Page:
According to Chris Weller, of Business Insider, some of the most compelling reasons to opt for homeschooling include:
Personalised learning and learning by choice
As parents customise teaching for their kids, it is quite easy for them – after a point – to realize what comes naturally to their child, how much they can absorb in a day, what are the subjects they are more interested in and even what are the out-of-syllabus subjects they can learn. For example, a child with aptitude for psychology can begin classes as early as in the 4th standard.
One of the biggest reasons parents don’t opt for homeschooling is that they think that their kids will isolated from the real world of peers and pressure. But that is not true either. A reasonable (and healthy) workload helps a child thrive. And a homeschoolers support network of parents and children are encouraged to meet up and discuss best practices and methods.
Here are some Facebook support groups:
Say no to bullying, regimented lifestyle
According to a The Telegraph, Kolkata edition, report, Parents cite stress, competition and a regimental lifestyle for taking their kids out of school. A facilitator who also teaches schoolgoing children said the parents of homeschooled kids were more open to experimentation. “A schoolgoing child is always bound by a routine. The focus is on exams. I found homeschooled kids more confident and eager to learn.”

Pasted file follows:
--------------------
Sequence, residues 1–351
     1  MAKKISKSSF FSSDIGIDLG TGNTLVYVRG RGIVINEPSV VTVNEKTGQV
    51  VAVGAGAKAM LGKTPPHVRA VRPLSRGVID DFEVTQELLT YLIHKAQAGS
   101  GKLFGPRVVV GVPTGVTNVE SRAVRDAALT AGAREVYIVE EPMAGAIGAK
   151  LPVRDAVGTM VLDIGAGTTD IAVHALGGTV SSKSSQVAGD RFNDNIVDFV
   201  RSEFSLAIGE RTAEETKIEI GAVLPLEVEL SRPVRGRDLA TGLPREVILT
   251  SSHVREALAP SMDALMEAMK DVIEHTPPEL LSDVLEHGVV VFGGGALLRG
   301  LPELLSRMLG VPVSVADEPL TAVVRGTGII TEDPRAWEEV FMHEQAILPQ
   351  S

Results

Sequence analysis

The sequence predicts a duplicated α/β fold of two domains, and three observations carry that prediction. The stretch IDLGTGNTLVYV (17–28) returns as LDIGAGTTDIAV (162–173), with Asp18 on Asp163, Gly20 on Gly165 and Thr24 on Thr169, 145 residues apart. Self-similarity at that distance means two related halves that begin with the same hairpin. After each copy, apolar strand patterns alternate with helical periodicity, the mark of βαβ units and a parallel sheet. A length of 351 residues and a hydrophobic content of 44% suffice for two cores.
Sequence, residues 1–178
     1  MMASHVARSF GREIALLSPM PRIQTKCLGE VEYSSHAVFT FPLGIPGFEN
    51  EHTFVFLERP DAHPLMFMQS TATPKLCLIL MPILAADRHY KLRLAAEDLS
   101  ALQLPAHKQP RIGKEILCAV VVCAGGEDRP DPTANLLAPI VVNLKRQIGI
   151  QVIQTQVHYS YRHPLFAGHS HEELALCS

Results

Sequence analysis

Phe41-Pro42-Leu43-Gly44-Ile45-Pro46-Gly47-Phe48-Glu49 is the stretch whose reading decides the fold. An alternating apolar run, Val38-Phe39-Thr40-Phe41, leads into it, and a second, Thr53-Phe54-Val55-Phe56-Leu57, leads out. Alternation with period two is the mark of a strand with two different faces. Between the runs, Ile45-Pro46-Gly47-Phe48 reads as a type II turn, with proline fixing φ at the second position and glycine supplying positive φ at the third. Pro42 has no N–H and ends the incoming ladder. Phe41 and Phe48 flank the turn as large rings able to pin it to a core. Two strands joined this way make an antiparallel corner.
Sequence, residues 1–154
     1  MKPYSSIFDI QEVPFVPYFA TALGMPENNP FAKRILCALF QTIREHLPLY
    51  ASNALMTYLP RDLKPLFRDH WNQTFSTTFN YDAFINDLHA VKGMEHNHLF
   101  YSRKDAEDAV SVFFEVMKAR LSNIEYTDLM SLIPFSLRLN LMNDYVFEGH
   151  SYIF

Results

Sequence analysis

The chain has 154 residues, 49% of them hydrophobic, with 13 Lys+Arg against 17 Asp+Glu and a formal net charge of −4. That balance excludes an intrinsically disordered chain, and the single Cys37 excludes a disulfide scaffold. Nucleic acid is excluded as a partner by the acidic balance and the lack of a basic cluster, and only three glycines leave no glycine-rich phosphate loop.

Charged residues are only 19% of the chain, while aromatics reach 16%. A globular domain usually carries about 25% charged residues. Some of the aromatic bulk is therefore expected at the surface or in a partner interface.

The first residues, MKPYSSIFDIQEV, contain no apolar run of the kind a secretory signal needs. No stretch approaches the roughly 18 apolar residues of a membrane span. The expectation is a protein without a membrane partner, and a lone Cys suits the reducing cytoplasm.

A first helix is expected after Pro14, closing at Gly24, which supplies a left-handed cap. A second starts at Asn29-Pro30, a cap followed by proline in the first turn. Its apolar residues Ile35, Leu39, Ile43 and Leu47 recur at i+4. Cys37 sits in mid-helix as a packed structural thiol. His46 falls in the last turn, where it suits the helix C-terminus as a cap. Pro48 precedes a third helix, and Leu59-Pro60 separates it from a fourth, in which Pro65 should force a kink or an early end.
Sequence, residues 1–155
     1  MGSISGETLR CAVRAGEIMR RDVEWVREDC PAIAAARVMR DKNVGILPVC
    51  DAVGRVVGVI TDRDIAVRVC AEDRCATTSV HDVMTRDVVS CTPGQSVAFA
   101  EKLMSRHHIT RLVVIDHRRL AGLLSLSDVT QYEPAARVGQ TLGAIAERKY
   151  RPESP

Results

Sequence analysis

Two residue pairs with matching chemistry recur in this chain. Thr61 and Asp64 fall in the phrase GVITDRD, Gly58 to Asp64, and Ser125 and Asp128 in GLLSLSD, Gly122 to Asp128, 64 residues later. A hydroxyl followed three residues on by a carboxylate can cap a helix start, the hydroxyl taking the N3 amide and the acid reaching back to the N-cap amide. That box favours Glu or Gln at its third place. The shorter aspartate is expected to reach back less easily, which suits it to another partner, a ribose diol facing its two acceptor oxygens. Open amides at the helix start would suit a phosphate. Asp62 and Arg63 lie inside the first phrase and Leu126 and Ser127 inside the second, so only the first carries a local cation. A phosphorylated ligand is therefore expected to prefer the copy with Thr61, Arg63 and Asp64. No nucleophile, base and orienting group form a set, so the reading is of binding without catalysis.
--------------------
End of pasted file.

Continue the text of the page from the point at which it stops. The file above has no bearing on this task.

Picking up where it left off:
Weller, in his article, also says that “homeschoolers don’t deal with all the downsides of being around kids in a toxic school environment. Plenty of critics argue these downsides are actually good for toughening kids up, but kids who are bullied more often face symptoms of depression and anxiety, do worse in class, and show up to school less frequently.”
In conclusion, in his blog post, Enabling a Right to Education of Choice: Homeschooling in India, Vineet Bhalla writes, while there has been no study conducted on how home-schooled children in India go on to do in their lives, studies conducted on home-schooled children abroad have yielded that such children perform substantially better than their conventionally educated counterparts in areas of development such as verbal fluency, independence and like skills. You can read the entire post here.
Kevin and Sonali Michael have homeschooled their two children for several years. Their son is now enrolled in a Mumbai-city college, and their daughter has gone back to mainstream school life at standard ninth. Here is a one-on-one with them about their experience with homeschooling.
As a parent, the onus now lies on you.